The State Legislature passed sweeping oil tax reform this year, but Speaker of the House Mike Chenault said there’s no reason to fear that the changes will harm exploration currently happening in Cook Inlet…
Speaker Chenault(R-Nikiski): “Under the ACES program, the Cook Inlet was cut out of that tax structure, and so it’s on its own tax structure, compared to the North Slope. And the frustrating part is that people think that it is in relationship to ACES and so they’re concerned about it, when in all reality, there’s no tie between the current ACES program that we have or SB21 and the exploration in Cook Inlet.”
The new oil tax structure, commonly known by its legislative title “Senate Bill 21,” is still facing opposition with a group titled ‘Vote Yes: Repeal the Giveway.’ They’re mounting a referendum petition.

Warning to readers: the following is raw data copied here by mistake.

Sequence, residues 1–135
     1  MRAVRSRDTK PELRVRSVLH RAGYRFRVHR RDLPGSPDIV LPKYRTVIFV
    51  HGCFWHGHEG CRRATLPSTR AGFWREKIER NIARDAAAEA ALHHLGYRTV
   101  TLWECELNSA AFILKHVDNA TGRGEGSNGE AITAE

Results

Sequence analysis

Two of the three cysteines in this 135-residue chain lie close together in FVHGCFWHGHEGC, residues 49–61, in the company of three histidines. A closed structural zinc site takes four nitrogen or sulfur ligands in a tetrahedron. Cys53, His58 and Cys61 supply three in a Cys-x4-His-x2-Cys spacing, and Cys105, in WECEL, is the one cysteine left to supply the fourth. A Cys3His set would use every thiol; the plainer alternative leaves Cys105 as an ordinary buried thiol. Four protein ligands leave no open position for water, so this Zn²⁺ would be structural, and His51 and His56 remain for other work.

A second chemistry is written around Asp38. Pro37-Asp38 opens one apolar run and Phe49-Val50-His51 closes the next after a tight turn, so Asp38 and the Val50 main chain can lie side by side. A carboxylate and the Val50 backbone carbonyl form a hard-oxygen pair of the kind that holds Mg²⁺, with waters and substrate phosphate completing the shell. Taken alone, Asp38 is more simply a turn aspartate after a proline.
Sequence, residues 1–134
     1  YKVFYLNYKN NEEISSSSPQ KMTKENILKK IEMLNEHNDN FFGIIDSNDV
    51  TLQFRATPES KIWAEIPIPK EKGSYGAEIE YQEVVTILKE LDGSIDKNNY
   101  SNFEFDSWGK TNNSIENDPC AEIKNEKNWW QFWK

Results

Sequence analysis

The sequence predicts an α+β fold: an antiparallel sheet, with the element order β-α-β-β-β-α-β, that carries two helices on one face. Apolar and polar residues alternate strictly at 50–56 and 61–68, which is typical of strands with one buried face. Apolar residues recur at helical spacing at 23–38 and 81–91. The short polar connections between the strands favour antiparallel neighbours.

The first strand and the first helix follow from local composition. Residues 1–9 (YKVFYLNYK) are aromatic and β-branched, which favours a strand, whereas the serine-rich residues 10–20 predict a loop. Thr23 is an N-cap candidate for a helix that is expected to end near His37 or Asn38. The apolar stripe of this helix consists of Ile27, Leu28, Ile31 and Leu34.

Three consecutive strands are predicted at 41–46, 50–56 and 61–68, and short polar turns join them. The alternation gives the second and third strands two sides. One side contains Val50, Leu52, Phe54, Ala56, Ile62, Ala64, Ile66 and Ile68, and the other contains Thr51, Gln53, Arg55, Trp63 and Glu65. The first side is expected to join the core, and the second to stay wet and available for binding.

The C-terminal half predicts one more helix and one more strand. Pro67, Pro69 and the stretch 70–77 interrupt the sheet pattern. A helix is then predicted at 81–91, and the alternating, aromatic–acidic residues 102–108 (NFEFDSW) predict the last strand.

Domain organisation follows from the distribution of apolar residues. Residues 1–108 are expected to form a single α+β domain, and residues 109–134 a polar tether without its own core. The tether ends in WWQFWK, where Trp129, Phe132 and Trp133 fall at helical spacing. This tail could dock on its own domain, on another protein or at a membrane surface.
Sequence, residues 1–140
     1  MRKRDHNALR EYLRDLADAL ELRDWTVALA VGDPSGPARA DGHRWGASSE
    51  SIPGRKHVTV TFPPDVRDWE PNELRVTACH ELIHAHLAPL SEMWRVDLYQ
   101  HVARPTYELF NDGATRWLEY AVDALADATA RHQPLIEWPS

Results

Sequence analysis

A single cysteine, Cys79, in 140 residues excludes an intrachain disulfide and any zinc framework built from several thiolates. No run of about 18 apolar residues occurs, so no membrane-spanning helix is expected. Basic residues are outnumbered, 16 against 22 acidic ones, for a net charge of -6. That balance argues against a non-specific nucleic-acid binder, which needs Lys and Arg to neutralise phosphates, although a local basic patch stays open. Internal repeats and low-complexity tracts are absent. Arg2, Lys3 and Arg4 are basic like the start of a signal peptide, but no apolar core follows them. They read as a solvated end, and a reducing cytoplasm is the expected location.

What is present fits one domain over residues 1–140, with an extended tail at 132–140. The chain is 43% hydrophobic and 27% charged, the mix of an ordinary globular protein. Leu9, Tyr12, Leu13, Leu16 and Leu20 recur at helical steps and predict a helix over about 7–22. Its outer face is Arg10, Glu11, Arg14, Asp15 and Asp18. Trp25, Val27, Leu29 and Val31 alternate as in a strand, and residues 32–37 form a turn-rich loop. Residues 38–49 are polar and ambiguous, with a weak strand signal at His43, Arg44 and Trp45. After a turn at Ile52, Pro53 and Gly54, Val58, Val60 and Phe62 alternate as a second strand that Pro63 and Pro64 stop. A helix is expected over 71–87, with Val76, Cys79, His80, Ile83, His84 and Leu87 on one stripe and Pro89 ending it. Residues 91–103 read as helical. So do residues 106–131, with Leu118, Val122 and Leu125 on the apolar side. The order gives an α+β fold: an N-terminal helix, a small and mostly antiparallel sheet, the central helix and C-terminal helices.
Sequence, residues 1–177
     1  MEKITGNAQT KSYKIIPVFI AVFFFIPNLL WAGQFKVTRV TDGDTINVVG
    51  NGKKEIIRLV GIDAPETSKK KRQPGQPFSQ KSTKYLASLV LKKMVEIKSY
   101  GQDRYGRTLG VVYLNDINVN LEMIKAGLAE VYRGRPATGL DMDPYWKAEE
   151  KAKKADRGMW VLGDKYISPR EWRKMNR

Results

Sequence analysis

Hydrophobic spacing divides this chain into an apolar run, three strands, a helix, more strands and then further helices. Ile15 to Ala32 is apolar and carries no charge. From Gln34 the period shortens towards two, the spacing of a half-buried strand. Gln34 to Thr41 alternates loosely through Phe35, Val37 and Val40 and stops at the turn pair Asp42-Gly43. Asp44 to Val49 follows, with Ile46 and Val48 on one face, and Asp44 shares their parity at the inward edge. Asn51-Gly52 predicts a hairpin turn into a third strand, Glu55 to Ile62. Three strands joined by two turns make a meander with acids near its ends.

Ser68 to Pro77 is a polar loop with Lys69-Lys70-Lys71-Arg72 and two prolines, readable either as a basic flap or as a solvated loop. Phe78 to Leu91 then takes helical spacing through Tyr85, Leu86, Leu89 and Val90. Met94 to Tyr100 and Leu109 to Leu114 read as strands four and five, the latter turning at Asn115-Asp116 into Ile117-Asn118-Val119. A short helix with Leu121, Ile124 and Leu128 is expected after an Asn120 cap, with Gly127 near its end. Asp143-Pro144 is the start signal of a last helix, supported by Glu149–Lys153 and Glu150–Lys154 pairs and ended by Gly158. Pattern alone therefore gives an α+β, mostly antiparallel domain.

Speaker Chenault(R-Nikiski): “There’s not a $2 billion giveaway. It’s a bumper sticker that some feel works and it grabs people’s attention. Under the current tax structure program, if my memory’s correct, at today’s price per barrel, that number is about $540 million to maybe $700 million not $2 billion.”
Chenault said SB21 was designed to stimulate the oil and gas industry over the long haul, making a short term loss worthwhile.